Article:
• Offered by Research School of Humanities and the Arts
  • ANU College ANU College of Arts and Social Sciences
  • Classification Research
  • Course subject Humanities
  • Areas of interest History, Australian Indigenous Studies, Museums and Collections, Digital Humanities, Heritage Studies

This intensive course will introduce students to critical issues in archival practice in a rapidly evolving and expanding terrain. The course has a particular focus on archives associated with First Nations peoples and, on particular the legacy of colonial era archives. The course will explore archive practice in the contest of repatriation and restitution, in conjunction with examining the history of archives from the sixteenth century. Students will experience archival culture firsthand: how and why archivists work and think across a broad range of institutions and they will engage directly with diverse types of archival material including institutional records, personal papers, material culture, as well as sound and audio-visual archives. The course focuses on examining the intellectual processes rather than the mechanistic practices of archiving. Students will consider specific theoretical and practical issues raised by particular forms of archive such as the politics of selection or silencing, colonisation and the archive, archive governance and ownership, the impact of digital technology, conceptual frameworks such as DIY archiving and so-called ‘radical archives’, as well as different approaches to curating, exhibiting and using archives. These theoretical issues will be practically demonstrated as students use archives to conduct provenancing exercises for repatriation and restitution initiatives. Students will also take advantage of the university’s place in the national capital, this course will include field trips to major cultural institutions which could include the Australian Institute of Aboriginal and Torres Strait Islander Studies Archive, ANU Noel Butlin Archives or special collections, the National Library of Australia, the National Archives of Australia, the National Film and Sound Archive or the National Art Gallery of Australia and the National Museum of Australia. In addition to traditional physical archives, this course will also get students to examine digital archival practice using the Return Reconcile and Renew archive as well as other online archives. This course is of interest to students of museum and heritage studies, history, anthropology, art history, music and digital humanities.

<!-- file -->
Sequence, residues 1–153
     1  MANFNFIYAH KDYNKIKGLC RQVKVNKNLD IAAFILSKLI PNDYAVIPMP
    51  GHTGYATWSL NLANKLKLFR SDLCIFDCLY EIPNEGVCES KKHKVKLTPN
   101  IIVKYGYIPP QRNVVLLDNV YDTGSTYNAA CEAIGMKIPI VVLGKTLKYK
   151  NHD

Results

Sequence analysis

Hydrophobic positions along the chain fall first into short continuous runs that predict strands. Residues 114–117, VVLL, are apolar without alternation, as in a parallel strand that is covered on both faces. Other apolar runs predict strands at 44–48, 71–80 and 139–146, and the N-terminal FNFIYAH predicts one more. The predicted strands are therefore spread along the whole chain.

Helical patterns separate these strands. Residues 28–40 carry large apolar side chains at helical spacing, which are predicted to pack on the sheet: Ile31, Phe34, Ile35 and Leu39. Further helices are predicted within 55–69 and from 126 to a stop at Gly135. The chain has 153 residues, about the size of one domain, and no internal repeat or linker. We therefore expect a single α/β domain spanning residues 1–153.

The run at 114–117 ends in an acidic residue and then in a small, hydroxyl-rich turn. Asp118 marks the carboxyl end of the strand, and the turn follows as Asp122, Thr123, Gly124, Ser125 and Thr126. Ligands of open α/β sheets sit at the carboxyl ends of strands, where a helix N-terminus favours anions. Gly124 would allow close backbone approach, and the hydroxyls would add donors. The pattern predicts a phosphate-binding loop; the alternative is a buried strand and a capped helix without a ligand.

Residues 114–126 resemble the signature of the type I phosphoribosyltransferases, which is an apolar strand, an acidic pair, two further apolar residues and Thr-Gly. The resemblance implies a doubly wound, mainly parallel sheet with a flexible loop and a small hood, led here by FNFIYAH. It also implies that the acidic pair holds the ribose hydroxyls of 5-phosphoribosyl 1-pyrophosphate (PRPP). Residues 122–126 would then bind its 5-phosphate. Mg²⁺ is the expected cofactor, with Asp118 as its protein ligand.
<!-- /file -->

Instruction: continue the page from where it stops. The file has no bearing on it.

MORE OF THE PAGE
Learning Outcomes

Upon successful completion, students will have the knowledge and skills to:

  1. demonstrate a critical understanding of contemporary archival practices and processes across a range of institutional frameworks and material types;
  2. gain a critical understanding of key issues, challenges and opportunities of archives and archival practice for First Nations and marginalised peoples;
  3. develop a proficiency in archival literacy across a range of platforms through the examination of repatriation;
  4. undertake independent archival research in the design and execution of an original research project;
  5. demonstrate the ability to develop a sustained argument synthesising theoretical concepts and 'archival work' based on a specialised archive/s; and
  6. gain a critical understanding of social justice and archives with a particular focus on colonialism.

Indicative Assessment

  1. Pre-reading and 5 key text summaries 300 words each (total 1500 words) (25) [LO 1,2,3,5,6]
  2. Reflective journal responding to the field trips to cultural institutions in conjunction with related issues raised in the workshops 2000 words (25) [LO 1,2,3,5,6]
  3. Major research project developed from a direct and critical engagement with an archive/s 4000 words or equivalent (50) [LO 1,2,3,4,5,6]